There’s something simple that gets overlooked when content creators and online influencers talk about owning data: somebody already does. Data is the lifeblood of social media platforms. They have no requirement to share it with the creators who attract users, and they don’t. To protect their brand (and revenue stream) creators need to take ownership of their data.
In the social media business, everything revolves around keeping your followers engaged. Revenue streams like sponsorship and advertising depend on metrics: share of voice, number of followers, activity volume, and other measures of influence. Excited followers translate into better statistics and more effective monetization.
In the social media world, content is king. 64% of people follow channels based on content and will leave if they lose interest. To keep followers engaged, influencers need to know what content appeals to their fanbase and what drives them away.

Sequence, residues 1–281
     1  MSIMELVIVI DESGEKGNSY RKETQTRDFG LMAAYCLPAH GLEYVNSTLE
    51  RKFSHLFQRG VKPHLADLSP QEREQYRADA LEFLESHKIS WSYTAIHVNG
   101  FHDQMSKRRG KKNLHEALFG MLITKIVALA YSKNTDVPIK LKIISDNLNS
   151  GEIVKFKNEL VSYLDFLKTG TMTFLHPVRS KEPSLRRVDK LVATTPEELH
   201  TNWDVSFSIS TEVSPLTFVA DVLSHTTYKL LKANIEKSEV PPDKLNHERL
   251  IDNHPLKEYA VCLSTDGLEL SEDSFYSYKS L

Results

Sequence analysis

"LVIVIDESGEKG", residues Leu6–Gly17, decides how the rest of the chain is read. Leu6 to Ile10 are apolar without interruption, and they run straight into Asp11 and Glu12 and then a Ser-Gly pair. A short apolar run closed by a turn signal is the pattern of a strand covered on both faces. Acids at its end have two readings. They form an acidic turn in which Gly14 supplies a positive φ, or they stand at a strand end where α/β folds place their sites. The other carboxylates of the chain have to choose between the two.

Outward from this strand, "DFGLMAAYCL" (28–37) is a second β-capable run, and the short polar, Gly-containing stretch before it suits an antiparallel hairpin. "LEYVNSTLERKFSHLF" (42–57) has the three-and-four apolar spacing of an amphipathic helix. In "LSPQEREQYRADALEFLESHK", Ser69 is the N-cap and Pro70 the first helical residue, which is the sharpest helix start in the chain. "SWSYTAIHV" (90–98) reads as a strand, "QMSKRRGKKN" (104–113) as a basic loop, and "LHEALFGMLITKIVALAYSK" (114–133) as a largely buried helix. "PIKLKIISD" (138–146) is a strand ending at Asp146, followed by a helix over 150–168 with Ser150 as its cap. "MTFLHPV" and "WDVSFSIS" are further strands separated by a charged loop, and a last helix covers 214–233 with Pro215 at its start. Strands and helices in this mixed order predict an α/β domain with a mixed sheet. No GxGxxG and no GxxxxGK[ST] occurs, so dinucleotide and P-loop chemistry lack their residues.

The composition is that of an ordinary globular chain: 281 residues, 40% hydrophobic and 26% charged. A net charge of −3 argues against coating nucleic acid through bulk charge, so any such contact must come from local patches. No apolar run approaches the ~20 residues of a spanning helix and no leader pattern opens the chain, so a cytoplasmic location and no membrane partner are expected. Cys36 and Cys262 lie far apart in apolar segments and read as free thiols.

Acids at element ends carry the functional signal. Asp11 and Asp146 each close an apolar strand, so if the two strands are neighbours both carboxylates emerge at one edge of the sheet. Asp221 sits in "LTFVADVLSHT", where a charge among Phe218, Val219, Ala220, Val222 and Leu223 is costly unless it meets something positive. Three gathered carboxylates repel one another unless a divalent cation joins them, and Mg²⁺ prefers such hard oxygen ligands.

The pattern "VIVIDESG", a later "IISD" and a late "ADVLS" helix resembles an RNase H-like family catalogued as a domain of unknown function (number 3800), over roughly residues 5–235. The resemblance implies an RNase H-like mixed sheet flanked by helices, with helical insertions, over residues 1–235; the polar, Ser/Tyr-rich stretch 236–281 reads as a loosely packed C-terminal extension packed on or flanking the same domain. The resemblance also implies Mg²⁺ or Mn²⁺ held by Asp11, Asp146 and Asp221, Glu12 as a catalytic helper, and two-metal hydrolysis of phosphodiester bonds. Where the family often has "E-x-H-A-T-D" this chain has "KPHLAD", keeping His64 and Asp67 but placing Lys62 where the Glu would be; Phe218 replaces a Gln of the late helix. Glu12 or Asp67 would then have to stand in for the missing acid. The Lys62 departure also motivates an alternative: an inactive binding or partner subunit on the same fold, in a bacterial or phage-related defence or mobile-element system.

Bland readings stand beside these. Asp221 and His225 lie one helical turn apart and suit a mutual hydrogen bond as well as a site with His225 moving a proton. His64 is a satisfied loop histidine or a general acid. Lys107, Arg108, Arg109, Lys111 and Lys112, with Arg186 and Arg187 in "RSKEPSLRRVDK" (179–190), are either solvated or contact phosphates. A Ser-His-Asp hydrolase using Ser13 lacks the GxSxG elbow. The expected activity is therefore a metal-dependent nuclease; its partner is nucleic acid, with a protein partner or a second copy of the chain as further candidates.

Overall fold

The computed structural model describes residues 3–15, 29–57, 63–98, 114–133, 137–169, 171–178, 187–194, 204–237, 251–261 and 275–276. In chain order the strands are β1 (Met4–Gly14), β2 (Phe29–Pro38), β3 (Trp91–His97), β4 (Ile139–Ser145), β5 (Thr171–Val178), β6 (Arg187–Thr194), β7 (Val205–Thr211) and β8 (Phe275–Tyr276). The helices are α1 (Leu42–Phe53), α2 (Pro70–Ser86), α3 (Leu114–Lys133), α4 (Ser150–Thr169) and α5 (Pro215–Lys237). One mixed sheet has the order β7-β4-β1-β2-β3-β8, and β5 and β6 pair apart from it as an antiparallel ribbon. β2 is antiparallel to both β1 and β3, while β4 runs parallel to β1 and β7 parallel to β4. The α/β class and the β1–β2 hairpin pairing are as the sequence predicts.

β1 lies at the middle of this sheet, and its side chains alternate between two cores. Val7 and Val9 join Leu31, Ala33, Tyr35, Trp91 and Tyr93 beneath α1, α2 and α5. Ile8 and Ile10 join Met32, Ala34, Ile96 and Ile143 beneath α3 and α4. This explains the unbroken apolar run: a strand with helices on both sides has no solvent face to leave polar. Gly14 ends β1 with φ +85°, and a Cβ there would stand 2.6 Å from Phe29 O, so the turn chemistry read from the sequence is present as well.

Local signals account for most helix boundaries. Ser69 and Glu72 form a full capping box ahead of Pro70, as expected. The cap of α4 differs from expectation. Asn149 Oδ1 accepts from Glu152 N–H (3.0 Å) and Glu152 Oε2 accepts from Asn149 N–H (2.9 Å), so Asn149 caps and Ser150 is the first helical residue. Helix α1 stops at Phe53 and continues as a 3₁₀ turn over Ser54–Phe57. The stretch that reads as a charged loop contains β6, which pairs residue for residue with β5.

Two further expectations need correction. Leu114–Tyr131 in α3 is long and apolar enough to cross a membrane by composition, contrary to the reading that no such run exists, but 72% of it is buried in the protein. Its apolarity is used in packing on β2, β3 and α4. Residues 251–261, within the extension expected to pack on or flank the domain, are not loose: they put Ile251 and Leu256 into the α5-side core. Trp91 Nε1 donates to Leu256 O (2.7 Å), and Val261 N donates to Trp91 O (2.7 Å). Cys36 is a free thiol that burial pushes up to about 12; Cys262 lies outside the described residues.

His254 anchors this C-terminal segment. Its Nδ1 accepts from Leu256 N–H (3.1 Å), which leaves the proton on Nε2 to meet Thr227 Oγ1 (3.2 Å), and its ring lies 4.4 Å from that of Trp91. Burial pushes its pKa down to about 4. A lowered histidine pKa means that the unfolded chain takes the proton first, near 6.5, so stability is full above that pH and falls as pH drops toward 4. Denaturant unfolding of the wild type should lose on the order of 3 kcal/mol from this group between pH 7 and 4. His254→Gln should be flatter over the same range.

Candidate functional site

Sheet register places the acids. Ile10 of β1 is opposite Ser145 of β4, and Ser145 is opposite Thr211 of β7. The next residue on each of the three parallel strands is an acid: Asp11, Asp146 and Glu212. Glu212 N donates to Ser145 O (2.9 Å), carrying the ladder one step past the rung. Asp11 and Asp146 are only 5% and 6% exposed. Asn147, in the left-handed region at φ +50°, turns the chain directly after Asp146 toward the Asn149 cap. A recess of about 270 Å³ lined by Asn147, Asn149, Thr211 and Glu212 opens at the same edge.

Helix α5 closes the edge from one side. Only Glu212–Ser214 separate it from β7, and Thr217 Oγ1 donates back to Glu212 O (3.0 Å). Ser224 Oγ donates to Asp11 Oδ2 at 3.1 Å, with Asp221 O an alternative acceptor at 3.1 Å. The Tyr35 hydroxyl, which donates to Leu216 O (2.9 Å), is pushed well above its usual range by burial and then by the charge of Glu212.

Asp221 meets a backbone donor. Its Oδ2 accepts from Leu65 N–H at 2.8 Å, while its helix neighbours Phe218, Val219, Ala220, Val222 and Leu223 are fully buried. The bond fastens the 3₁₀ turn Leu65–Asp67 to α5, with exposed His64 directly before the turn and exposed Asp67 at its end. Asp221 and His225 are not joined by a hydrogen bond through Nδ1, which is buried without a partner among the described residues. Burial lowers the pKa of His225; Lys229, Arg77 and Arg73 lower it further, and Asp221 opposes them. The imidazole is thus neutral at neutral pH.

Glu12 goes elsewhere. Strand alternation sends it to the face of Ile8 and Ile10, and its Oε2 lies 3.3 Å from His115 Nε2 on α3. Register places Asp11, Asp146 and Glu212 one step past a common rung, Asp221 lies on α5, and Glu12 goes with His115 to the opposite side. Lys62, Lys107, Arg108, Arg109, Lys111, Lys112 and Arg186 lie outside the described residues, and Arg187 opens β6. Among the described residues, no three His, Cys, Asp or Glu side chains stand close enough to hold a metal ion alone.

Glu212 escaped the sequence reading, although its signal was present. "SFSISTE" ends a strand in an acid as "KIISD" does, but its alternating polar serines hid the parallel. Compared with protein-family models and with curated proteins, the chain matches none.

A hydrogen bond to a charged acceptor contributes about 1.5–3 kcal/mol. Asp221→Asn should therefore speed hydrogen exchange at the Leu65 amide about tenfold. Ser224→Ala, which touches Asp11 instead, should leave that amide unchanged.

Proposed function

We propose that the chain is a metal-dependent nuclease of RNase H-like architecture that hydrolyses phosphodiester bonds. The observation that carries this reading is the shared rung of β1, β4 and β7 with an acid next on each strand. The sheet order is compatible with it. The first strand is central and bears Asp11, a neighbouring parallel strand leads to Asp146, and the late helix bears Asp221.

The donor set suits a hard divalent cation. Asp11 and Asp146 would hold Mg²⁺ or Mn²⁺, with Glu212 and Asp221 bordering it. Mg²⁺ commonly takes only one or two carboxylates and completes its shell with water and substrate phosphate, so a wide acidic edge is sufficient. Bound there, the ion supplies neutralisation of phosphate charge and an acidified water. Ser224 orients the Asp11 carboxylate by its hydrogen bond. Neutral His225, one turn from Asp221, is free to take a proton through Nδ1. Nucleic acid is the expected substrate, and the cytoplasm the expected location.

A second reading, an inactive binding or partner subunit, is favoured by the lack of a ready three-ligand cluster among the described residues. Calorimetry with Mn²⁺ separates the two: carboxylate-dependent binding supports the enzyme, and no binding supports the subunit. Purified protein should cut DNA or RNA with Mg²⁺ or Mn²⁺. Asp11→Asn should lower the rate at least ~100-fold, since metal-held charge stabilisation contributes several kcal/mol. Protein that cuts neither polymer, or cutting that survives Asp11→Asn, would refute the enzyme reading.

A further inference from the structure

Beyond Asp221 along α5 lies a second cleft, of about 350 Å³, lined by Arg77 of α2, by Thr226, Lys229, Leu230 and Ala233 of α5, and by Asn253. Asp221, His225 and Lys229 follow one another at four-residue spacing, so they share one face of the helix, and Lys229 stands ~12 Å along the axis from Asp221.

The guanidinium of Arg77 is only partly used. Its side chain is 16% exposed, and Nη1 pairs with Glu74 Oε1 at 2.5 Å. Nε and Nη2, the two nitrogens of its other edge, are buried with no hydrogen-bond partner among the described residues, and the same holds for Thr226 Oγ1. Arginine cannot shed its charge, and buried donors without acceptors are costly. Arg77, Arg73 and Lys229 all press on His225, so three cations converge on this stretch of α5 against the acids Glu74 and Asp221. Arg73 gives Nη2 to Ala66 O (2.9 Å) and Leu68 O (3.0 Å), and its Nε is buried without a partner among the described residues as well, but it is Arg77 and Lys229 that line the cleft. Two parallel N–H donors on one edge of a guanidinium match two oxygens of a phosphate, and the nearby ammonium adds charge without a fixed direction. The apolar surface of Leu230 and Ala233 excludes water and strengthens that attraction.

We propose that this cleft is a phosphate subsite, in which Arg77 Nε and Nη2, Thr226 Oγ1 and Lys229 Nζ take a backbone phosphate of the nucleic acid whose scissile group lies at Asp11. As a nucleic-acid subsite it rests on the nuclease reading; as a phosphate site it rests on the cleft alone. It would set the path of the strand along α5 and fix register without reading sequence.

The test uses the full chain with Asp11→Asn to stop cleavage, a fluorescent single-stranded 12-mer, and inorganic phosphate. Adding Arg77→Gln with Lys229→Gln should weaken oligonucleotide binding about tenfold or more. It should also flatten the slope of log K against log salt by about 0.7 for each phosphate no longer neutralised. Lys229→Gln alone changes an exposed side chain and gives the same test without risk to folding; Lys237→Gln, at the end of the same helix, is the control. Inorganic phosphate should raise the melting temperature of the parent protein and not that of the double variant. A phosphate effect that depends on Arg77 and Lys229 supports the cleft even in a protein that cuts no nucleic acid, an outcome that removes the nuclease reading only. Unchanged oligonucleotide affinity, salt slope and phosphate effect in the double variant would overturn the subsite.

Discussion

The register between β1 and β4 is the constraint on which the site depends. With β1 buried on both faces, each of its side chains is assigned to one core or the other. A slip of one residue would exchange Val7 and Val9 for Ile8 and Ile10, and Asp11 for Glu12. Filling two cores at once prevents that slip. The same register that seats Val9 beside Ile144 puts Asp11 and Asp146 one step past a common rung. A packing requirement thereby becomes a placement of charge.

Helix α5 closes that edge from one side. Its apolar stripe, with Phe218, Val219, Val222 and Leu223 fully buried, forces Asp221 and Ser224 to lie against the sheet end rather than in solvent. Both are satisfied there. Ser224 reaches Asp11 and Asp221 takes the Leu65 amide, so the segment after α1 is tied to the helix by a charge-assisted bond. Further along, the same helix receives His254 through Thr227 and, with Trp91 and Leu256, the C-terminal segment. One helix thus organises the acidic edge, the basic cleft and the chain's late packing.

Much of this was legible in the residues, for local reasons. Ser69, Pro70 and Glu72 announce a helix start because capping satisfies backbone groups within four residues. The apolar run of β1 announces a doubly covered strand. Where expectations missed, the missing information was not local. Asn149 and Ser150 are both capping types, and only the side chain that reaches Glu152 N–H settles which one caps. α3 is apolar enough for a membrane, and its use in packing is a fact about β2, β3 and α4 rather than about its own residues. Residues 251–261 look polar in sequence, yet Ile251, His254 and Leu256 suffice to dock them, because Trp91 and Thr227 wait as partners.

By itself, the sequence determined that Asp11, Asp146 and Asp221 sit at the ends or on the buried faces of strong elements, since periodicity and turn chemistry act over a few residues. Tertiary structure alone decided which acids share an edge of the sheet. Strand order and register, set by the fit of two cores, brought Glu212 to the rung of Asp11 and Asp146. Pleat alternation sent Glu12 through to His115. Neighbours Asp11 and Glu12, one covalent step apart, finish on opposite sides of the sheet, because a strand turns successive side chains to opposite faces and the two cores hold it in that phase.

Celebrities can attract all kinds of fans. But, the real question is: “Who are these fans?” Knowing who your fans are, what they like, when they’re most likely to engage with a celebrity’s content, where they live, and why they became fans in the first place is crucial for any celebrity or PR manager looking to attract more fans and keep older fans engaged with the celebrity’s brand.
If you’re a manager for a musician, athlete, or any other kind of celebrity with a large following on social media, there’s something you need to know: Neither you nor your client actually owns the content and user data on most of the major social media networks you’re using to reach out to your client’s fans with.
If you’re a YouTube content creator, knowing your audience is key for driving success. Knowing who your fans are, where they live, what they like, and how they engage with your video content on YouTube is vital for optimizing your videos for maximum impact and engagement.